Osteoarthritis: A chip 'mimics' the disease to devise effective drugs
A sophisticated chip the size of a coin in which cartilage can be cultivated and which can later be subjected to mechanical stress such that it generates the effects of Osteoarthrosis (OA).
This is the extraordinary result achieved at the Politecnico di Milano Laboratory MiMic (Microfluidic and Biomimetic Microsystems) by Marco Rasponi from the Milan-based campus, the study's coordinator alongside Andrea Barbero from the University Hospital of Basel.
The study was published in Nature Biomedical Engineering.
Not only did it produce the revolutionary chip but, while the tiny device was undergoing experimentation, the study also demonstrated that the mechanical hyperstimulation of cartilage seems to be enough to induce Osteoarthrosis-related pathology, without having to turn to administering inflammatory molecules as was common practice up until now.
Indeed, appropriate compression of the cartilaginous tissue can induce typical symptoms of OA: inflammation, hypertrophy and an acceleration of degenerative processes. Therefore, in the cartilage “on a chip” an ideal environment is created in which to test the effectiveness and mechanisms of pharmacological treatments, shortening the timeframes and costs of experimentation while also reducing the need for animal testing.
Osteoarthrosis is the most common among musculoskeletal pathologies. Over the age of sixty, 10% of men and 20% of women will suffer from its effects, numbers which unfortunately are set to increase due to the current rate of population ageing.
However, despite this trend, patients find themselves facing a complete lack of pharmacological therapy, known as DMOADs (Disease modifying Osteoarthritis Drugs): pharmaceuticals, that is, which are capable of not only alleviating the symptoms but also halting or reversing the degenerative processes. In fact, currently the only valid options are palliative treatment or surgery.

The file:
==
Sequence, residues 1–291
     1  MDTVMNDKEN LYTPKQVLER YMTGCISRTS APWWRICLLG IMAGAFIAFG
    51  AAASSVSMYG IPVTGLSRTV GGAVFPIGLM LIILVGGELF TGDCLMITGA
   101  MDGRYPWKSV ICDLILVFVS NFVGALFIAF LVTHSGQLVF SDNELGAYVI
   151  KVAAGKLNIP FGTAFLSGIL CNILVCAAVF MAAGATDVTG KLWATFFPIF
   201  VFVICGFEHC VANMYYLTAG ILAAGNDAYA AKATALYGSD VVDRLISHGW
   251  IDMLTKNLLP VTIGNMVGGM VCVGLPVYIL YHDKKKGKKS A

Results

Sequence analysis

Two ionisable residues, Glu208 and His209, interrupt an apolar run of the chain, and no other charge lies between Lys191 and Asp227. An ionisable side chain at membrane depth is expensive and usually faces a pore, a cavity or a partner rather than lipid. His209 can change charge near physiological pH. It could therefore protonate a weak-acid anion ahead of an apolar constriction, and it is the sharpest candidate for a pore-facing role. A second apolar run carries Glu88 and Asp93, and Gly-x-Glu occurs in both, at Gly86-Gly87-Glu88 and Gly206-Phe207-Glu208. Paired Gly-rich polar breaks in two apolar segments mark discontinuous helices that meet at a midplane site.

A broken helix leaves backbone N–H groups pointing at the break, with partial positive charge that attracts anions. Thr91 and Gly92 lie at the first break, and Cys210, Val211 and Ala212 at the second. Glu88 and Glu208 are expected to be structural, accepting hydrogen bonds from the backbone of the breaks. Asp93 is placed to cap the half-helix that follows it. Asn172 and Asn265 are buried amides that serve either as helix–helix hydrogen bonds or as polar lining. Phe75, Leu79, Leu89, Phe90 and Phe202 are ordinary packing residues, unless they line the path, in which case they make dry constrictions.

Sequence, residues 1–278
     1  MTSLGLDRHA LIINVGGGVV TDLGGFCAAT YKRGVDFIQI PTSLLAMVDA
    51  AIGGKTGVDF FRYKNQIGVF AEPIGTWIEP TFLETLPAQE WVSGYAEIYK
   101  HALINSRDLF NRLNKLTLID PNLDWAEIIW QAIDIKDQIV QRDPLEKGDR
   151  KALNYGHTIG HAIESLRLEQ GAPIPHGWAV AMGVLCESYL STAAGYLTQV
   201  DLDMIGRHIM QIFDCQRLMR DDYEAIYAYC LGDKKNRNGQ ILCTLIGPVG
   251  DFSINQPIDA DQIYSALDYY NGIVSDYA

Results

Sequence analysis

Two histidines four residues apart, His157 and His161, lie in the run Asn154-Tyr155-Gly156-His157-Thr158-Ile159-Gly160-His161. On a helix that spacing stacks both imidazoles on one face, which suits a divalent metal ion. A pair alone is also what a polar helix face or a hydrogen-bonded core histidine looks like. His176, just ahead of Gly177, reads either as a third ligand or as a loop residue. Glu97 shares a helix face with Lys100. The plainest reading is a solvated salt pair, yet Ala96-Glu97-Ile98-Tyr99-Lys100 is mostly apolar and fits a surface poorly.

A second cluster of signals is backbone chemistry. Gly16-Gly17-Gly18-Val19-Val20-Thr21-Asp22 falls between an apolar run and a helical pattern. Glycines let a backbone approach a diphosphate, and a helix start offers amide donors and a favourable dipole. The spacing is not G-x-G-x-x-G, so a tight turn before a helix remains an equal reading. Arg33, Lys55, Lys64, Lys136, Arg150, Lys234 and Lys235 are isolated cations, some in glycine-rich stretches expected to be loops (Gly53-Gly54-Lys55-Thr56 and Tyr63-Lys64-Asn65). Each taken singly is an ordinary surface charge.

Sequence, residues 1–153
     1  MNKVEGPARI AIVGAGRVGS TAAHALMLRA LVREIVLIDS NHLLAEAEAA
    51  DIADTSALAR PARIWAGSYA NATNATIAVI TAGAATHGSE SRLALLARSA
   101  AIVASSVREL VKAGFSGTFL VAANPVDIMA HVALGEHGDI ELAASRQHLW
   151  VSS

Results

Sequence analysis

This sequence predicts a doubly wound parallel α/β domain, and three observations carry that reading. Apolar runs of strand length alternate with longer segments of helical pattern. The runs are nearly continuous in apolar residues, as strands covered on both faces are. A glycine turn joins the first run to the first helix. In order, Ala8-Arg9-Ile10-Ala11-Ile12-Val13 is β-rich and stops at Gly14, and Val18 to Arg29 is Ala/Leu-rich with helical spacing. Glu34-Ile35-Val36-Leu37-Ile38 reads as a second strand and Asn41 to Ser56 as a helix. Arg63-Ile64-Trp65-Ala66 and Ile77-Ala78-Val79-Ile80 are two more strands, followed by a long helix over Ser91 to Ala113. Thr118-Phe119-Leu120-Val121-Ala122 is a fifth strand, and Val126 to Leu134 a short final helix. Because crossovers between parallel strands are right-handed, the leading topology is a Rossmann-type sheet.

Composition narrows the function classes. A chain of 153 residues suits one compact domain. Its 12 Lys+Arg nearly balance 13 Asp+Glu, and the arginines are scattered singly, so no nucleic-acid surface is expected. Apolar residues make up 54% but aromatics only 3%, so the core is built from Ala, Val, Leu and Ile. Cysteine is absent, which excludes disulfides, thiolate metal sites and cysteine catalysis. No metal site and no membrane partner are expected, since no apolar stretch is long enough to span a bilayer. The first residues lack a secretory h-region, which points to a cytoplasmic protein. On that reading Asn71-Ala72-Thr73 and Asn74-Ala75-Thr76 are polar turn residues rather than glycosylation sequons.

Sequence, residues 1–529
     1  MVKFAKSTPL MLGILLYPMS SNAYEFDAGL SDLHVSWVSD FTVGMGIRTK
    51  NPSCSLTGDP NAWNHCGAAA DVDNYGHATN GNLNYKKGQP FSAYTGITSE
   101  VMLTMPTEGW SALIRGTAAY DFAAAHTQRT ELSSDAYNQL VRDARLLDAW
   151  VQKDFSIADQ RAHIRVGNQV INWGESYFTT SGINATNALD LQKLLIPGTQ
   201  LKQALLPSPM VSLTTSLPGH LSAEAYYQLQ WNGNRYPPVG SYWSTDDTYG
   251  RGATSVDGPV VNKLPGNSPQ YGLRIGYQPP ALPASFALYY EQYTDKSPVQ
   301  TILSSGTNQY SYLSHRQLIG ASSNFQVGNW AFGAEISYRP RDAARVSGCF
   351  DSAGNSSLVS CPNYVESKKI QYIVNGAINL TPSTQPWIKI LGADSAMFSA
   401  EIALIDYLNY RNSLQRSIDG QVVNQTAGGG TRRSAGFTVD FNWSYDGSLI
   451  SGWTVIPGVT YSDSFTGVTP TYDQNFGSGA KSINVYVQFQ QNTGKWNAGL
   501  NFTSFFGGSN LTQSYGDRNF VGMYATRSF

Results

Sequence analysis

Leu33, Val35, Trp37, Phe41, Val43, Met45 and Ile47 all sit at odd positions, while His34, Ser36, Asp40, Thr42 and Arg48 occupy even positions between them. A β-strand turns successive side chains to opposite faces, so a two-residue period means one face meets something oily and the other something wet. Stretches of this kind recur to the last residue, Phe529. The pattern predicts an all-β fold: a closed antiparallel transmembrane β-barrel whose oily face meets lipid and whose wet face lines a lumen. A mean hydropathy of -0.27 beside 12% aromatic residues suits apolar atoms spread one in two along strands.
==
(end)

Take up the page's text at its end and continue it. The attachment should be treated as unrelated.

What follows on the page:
The development of effective drugs was hindered by an absence of experimental models that could adequately replicate the pathology.
Up until now the most common approach to reproduce OA in vitro has been based on administering high doses of molecules into cartilage explants, capable of inducing an inflammatory response and some form of catabolism.
Yet the OA obtained in this manner can only partially represent the final symptoms, instead of demonstrating the pathological process in real time. The new chip, on the other hand, uses mechanical stress, representing one of the factors that are most closely connected to the development of OA, and is thus more realistic and more effective in its development and pharmacological screening procedures.
The research will continue towards modelling an entire joint on a chip, thanks to a project initiated by the Cariplo Foundation, having been granted funding following the call for “Biomedical research on age-related diseases 2018”. The project is named “uKNEEque: a 3D microfluidic osteochondral model to investigate mechanisms triggering age-related joint pathologies and therapeutic effects of bioactive factors produced by nasal chondrocytes”. The Politecnico di Milano is coordinating the research with the University Hospital of Basel as a Partner.
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